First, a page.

Most Common Reasons for Lawsuits Against Companies

Most Common Reasons for Lawsuits Against Companies

Philip Piletic – Some lawsuits filed against businesses are frivolous ones, and some are just downright ridiculous, like the case of Overton v. Anheuser-Busch. In that case, Richard Overton filed suit against the beer company for false advertising. The bikini-clad beauties pictured in the television commercials failed to materialize in his living room even after he’d drunk a full six-pack of their product, so he sued.

While cases like this are usually dismissed, courts take other types of lawsuits filed against businesses very seriously. Some of the most common reasons employees file lawsuits against their employers are discrimination, harassment, workplace injuries, and wrongful termination.

Workplace discrimination tops the list in terms of the number of lawsuits filed. The Australian court system has responded by increasing the amount of damages that victims of discrimination are able to collect.

In the past, most awards ranged between $12,000 and $20,000. However, in the case of Sagona v R & C Piccoli, in which it was found that a company discriminated against a woman based on gender, pregnancy and family responsibilities, the Federal Circuit Court awarded the victim $235,000.

Sexual & Bullying Harassment

Harassment can be of a sexual nature, bullying or workplace violence is also included in the legal definition. In the case of Kate Mathews v Winslow Constructors, the Supreme Court of Victoria recently awarded $1.3 million dollars in compensation as the result of severe workplace harassment.

Damages were calculated based on future economic loss and pain and suffering. The court found that the victim suffered from such serious psychiatric illness as the result of the harassment that she would likely never be able to work again.

Some employers face lawsuits due to workplace injuries. Although most employers carry Worker’s Compensation insurance, the fact is that injured employees also have the right to file a separate civil suit against a company. If a court finds that an employee is injured as the result of an employer’s intentional actions or negligence, the consequences can be severe.

In the case of West Star Transportation Inc. v. Charles Robison et al, a Texas appellate court recently affirmed a $5.3 million liability judgment against an employer.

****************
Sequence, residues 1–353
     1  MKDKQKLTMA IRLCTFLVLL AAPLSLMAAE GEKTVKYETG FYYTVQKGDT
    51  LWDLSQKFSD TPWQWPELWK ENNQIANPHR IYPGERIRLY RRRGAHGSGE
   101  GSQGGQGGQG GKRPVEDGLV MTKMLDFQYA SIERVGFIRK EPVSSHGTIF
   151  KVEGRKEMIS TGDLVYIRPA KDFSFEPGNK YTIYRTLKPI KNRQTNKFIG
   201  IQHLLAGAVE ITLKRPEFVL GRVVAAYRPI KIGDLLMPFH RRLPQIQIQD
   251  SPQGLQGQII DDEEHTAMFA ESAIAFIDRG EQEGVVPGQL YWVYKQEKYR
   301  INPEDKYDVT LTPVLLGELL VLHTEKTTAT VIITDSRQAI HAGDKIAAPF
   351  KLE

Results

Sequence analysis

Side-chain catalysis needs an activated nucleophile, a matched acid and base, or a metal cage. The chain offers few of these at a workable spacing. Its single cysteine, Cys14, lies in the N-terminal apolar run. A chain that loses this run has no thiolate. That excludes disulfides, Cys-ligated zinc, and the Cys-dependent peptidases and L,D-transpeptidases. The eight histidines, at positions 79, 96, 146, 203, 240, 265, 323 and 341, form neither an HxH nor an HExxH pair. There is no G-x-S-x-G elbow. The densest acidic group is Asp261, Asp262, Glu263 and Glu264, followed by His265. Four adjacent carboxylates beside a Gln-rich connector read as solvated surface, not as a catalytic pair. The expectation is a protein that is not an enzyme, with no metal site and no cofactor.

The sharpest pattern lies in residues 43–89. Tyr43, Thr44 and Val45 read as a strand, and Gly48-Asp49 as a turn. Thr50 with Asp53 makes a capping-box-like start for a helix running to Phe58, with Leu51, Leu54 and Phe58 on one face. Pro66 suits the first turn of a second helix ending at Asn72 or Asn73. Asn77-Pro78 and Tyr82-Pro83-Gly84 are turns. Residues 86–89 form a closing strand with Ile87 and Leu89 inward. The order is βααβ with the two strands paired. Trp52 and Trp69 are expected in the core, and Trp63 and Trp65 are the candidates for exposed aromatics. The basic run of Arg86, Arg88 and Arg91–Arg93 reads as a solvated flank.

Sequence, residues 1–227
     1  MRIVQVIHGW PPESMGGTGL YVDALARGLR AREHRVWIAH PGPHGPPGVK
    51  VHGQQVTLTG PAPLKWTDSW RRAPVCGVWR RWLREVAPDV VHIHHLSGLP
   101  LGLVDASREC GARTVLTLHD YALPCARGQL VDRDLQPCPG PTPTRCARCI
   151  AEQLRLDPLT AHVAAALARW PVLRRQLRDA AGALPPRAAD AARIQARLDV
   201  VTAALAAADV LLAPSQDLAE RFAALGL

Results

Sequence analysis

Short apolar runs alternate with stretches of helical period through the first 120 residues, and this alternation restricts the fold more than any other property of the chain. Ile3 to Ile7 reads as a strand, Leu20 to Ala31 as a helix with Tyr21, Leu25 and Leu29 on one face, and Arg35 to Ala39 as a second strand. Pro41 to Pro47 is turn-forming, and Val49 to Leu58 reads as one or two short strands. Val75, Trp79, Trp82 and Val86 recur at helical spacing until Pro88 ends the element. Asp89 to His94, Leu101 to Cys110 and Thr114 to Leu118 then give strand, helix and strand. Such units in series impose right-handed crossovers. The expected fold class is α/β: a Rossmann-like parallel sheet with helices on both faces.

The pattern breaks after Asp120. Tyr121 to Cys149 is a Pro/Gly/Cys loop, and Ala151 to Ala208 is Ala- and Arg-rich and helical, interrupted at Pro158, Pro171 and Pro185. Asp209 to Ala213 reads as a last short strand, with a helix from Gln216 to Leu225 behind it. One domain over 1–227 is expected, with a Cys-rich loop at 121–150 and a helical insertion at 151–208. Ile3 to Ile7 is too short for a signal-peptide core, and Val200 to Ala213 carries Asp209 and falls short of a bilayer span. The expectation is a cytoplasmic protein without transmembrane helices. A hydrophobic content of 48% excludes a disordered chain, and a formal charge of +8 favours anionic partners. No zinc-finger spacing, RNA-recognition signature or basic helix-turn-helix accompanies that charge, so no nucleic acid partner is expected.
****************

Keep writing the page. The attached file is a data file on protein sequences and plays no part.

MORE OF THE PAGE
According to the court ruling, Mr. Robinson suffered a traumatic brain injury as the result of “performing a task that was unusually precarious and not of the same character of work that he customarily performed, and he was doing so without any special supervision or safety equipment…In fact, West Star did not even own the equipment necessary to safely perform the task at hand, choosing instead to borrow a forklift from another business in order to have a means of raising a 150-pound tarpaulin to the top of a load reaching (13) feet in height.”

Proper Equipment

This ruling demonstrates the vital importance of employers providing proper equipment that meets or exceeds workplace safety standards.

While it’s true that technology has helped make most workplaces safer, it’s also true that in 2012, there were still 4,383 workplace fatalities in the U.S. alone. According to the Occupational Health and Safety Administration (OSHA) 1789 of them were attributed to transportation causes. 712 of them were due to contact with objects or equipment. In 2014, rather than decreasing, the number of U.S. workplace fatalities increased to 4,821.

OSHA estimates that 25.5 of every 10,000 workers suffer a workplace injury as the result of contact with objects or equipment. 12.4 of every 10,000 workers suffer an injury by overexerting themselves while lifting or lowering something. Proper training is just as important as proper equipment.
The courts must determine which lawsuits have merit and which are frivolous. Last year, 28 workers in 19 cities filed complaints against McDonald’s for unsafe working conditions.

Due to out-of-court settlements and non-disclosure agreements, the public never learns the outcome of many lawsuits.

Those who are injured on the job and must undergo costly physical therapy and other medical treatments know all too well that despite the attempted abuse of the system by a few, pain and suffering are very real. Financial compensation is little comfort to the families of those who are permanently injured, or even killed, on the job due to unsafe working conditions. Only increased awareness can reduce the number of injuries, deaths—and lawsuits.

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